European Commission vs. China: "unlikely to turn to real havoc"
Following on from TelecomsTech's report on the EU anti-dumping investigation and alleging Chinese mobile manufacturers Huawei and ZTE benefit from illegal subsidies, here's our Beijing Correspondent, Dr. Lin Sun, with his take on the imbroglio.
It will be interesting to see how the Chinese government reacts to the EU's charges which I believe will be restrained albeit a few rounds of ruckus. The EU may have its own reason (rather than dumping) for the action, but China has its own interest hanging on the balance, and a direct conflict in trade will hurt China as much as the EU.
Although Huawei is not owned by the government, it has risen to a symbol of rising China, so China has every reason to come to its defence. However, the price is too high, the ruckus should escalate to an all-out trade war. After all, China gains a lot more than just what Huawei and ZTE sell in Europe so, in the eye of the government, it may not be a wise move to stir up the flame but to find a way to settle.
Huawei received $10 billion in 2004 from the State Development Bank in the form of "export credit" which was intended to help customers pay for buying its equipment. This is especially important for emerging countries where demand does not always translate to ability to pay.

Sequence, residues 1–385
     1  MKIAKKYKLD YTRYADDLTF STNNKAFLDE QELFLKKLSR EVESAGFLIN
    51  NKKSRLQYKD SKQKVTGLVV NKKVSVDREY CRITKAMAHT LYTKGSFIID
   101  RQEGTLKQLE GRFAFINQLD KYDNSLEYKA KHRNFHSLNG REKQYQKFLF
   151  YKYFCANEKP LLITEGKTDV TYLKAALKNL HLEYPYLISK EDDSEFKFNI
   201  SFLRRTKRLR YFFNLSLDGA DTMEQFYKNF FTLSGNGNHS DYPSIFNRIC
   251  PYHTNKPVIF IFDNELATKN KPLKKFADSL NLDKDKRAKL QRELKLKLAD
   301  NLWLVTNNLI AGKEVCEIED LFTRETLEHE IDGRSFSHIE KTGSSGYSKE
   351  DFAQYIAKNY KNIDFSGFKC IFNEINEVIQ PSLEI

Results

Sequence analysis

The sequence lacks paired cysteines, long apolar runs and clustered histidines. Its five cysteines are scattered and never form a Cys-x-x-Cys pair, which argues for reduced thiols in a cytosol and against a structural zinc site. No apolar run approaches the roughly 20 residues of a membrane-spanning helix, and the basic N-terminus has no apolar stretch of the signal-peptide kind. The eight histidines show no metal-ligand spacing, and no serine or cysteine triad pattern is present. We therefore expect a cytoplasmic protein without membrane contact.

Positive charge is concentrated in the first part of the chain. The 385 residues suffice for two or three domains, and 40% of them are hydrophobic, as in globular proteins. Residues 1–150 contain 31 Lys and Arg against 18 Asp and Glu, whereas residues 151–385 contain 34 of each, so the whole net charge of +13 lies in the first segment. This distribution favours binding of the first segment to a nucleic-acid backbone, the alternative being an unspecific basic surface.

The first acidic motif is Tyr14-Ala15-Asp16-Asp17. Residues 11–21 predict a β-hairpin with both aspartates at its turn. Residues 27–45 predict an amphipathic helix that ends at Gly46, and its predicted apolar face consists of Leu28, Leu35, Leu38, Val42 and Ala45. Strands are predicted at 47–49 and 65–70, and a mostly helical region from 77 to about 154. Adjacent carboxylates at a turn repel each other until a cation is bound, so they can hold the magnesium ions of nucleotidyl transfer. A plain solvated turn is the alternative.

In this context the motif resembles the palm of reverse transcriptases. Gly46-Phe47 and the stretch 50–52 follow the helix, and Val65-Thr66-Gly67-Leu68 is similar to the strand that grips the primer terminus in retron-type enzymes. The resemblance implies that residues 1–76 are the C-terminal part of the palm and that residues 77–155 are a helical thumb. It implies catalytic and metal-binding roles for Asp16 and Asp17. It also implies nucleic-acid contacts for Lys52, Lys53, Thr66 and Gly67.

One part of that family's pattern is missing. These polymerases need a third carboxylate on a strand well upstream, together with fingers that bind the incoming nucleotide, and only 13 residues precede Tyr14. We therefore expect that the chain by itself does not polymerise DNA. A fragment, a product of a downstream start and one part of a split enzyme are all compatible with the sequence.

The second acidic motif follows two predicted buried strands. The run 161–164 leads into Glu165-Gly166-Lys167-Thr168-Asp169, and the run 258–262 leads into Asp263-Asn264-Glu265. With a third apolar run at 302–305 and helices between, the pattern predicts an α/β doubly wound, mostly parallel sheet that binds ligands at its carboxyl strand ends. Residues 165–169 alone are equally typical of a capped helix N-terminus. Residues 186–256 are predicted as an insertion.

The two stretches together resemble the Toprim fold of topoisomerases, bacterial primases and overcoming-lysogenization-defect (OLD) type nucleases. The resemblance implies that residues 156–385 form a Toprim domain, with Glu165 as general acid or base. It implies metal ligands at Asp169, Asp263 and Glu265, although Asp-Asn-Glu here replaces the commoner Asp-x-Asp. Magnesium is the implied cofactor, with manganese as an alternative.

After that was used up, Huawei got another credit of $30 billion in 2009 for the same purpose. During this period, Huawei said it generated $110 billion worth in sales, so that its argument is government finance played a small role in its activity.
What we do not know is how Huawei (and ZTE which has also received SDB's credit lines but in a smaller scale) has divvied up the money, such as in which part of the world and by how much. We also do not know whether the money has been used exclusively for export or to support other aspects of its business, such as R&D or "internal" activities.
And it would be difficult to establish the case for dumping because Huawei and ZTE are known as aggressive price cutters to drive out competitors, with or without government financing. In fact, it is the primary reason behind their stunning ascent to where they are today.
Therefore, it would be a little unfair to blame government financing for their pricing since other factors are not easily discernible to an outsider, such as cost of labour, utilities, and materials.
I think the Chinese government will try to defend Huawei and ZTE if the EU does push the situation. Rhetoric is inevitable even trades of harsh words, even some gestures of duke-out, but all this is unlikely to turn to real havoc. It is the last thing both the EU and China want to see when the economy is vulnerable.